‘Allo, ‘Allo? Is Anyone Out there?
With a lifelong interest in astronomy in general and SETI (Search for Extra-terrestrial Intelligence) in particular, the chance to attend a conference of the SETI@Home project management team in Paris is too good to miss. I book my tickets on Eurostar and a hotel next to Gare de L’Est, a few minutes walk from Eurostar’s Gare du Nord terminus.
SETI at Home is a Distributed/Volunteer Computing Project where processing radio signals to pick out artificial/alien ones, is done by your computer when you are not using it – you leave it switched on and it just runs quietly in the background. If you wish to extend scientific knowledge but searching for Little Green Men is not your thing, then there are 30 other projects to choose from including research into: climate change, proteins, HIV, earthquakes…take your pick. Electricity costs are around 10p a day for a laptop.
SETI at Home is now part of BOINC (Berkeley Open Infrastructure for Network Computing) where there are 175,000 active volunteers out of about 4 million registered ones – some people register and do little or no work. Others move, get a new computer and don’t register again &c.
We Got a Data Problem
Radio signals picked up from different radio telescopes (Arecibo in Puerto Rico and Green Bank Telescope in West Virginia) are split up into small data files (Work Units). These are downloaded automatically to your laptop and returned to BOINC when processed. But there is a problem of compatibility. Different data from different radio telescopes is processed at different rates by different computers. Some data can be processed much more quickly if your machine has a dedicated graphics card (important for watching videos or playing computer games) while other data files don’t have this problem.
So in essence, what is the best way to process buckets of data on many different types of machine in 80+ different countries? Time for another meeting – this time in France.
A Stroll in Paris
My laptop suggests Paris is best when seen on foot and the next sunny morning seems to confirm this. Strolling south from Gare de L’Est down Boulevard de Strasbourg towards the Seine, reveals an amazing number of hairdressers catering mainly for African clients and unlike other shops, these are already open. Perhaps because it is another city, one notices many Africans doing menial jobs and depending on the area, plenty of beggars.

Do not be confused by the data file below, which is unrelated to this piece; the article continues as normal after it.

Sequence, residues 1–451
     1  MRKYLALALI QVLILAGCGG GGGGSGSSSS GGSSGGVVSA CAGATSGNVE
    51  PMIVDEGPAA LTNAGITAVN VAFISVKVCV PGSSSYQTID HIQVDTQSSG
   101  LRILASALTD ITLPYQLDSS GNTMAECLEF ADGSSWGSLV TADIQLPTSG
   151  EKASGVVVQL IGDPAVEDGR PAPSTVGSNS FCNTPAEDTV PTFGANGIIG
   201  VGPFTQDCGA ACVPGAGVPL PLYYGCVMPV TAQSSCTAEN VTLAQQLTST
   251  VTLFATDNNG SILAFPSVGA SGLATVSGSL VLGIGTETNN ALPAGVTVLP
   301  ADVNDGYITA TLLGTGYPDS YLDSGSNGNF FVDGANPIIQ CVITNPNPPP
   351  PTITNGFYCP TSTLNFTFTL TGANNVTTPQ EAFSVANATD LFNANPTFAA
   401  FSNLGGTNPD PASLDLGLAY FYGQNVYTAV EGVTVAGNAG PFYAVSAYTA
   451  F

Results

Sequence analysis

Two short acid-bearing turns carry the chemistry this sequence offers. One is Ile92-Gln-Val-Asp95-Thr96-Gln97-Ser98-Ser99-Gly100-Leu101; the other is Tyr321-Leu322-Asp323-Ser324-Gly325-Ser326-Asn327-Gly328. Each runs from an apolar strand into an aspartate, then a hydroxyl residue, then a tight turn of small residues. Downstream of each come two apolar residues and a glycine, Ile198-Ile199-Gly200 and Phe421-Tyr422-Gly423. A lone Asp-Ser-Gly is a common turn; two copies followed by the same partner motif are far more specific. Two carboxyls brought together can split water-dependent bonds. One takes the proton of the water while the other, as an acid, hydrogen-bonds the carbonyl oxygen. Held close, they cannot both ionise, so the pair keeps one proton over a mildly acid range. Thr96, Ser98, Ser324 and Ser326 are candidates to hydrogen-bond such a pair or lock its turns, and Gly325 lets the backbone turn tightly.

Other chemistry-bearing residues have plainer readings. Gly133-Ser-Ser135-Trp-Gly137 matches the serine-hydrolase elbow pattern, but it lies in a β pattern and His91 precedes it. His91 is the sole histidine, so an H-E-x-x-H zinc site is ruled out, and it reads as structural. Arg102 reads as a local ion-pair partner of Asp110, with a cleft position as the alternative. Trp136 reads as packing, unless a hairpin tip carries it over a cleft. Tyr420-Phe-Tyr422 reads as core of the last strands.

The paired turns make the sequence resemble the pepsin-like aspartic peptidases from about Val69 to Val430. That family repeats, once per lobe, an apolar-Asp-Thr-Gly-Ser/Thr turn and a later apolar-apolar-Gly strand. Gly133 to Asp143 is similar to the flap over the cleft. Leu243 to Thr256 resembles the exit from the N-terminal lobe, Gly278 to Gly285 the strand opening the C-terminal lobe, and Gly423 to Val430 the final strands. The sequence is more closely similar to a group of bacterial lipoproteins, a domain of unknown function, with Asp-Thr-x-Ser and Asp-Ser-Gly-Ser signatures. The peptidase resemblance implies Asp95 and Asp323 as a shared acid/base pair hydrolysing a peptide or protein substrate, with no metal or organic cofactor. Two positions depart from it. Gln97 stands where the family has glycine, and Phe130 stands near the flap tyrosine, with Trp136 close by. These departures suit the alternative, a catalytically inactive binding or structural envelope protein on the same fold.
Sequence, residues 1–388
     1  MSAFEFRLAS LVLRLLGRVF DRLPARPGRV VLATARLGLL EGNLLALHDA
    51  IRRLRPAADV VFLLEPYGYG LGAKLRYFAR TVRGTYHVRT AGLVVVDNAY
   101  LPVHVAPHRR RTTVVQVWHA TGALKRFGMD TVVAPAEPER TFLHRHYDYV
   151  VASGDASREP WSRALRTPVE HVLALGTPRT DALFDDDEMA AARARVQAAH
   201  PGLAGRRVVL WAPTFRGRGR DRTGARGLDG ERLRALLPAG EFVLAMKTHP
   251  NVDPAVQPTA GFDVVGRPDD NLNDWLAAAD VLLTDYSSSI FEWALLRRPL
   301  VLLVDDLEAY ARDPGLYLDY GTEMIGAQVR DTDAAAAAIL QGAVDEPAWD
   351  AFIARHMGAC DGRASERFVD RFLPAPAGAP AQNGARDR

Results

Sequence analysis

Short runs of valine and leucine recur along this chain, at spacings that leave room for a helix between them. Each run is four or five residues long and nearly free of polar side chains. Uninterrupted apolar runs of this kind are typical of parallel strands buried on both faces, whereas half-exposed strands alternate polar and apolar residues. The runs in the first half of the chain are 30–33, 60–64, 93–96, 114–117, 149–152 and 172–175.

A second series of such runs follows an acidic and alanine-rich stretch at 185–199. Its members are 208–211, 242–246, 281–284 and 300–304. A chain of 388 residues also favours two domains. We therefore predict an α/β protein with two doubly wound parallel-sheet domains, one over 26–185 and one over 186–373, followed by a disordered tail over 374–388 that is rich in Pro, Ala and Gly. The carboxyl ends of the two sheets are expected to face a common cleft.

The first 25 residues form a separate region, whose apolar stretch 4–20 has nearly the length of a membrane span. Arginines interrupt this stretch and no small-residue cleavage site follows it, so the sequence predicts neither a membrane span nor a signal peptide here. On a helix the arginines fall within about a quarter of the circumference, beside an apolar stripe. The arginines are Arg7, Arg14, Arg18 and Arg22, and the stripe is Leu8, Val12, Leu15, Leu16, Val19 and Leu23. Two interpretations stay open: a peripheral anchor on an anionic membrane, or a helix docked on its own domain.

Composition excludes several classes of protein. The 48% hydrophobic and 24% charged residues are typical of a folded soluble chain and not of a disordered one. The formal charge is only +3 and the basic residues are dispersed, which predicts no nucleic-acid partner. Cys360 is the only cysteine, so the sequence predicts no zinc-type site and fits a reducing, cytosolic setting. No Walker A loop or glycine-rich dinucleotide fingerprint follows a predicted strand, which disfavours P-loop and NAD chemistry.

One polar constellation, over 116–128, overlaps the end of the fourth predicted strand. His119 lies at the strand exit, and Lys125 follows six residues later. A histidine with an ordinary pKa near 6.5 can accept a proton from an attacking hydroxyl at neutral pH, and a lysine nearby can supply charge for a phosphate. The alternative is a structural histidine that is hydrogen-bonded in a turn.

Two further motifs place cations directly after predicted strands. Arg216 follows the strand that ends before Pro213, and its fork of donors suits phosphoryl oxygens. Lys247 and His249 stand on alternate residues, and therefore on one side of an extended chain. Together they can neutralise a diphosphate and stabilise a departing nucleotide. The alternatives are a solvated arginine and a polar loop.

Walking south, Paris becomes more genteel and I am at the river Seine. The Eiffel Tower is on the right while I turn left and cross the river with Notre Dame on my left. The street is now slightly uphill and I continue south eventually to Boulevard Arago and the Institut d’Astrophysique de Paris which seems to share the same address as the IAU. Business of the latter includes creating standard names and boundaries for constellations and in 2006 downgrading Pluto (only discovered 1932) to a minor planet – to the chagrin of many astronomers.
At the Conference
which is very technical, there are always moments where one does not have to be a computer scientist to enjoy it. For example, Berkeley University of UCLA is not really political these days – unlike the 1960s when it was a hotbed of political activity with Anti-Vietnam war protests, flower power, Turn On Tune In and Drop Out and LSD. 90 per cent of students these days are Asian who just want to get a degree and then a job.
People from CERN who actually hosted the BOINC conference attended. Mentioning that a relative had recently had visited the Large Hadron Collider, a CERN delegate said that to get a ticket for a guided tour, you have to enter a lottery via the CERN website and be persistent. CERN has similar issues with processing buckets of data as BOINC does. Most curious though, is the news that they can’t run as many experiments in winter as in the summer for example, because the price of electricity is much higher!
A huge part of the electricity cost is cooling the many magnets in the 27km ring down to 1.9 K or 1.9 degrees above Absolute Zero – colder than if you took a thermometer to outer space and stuck it outside where the temperature would be about 3 degrees above Absolute Zero.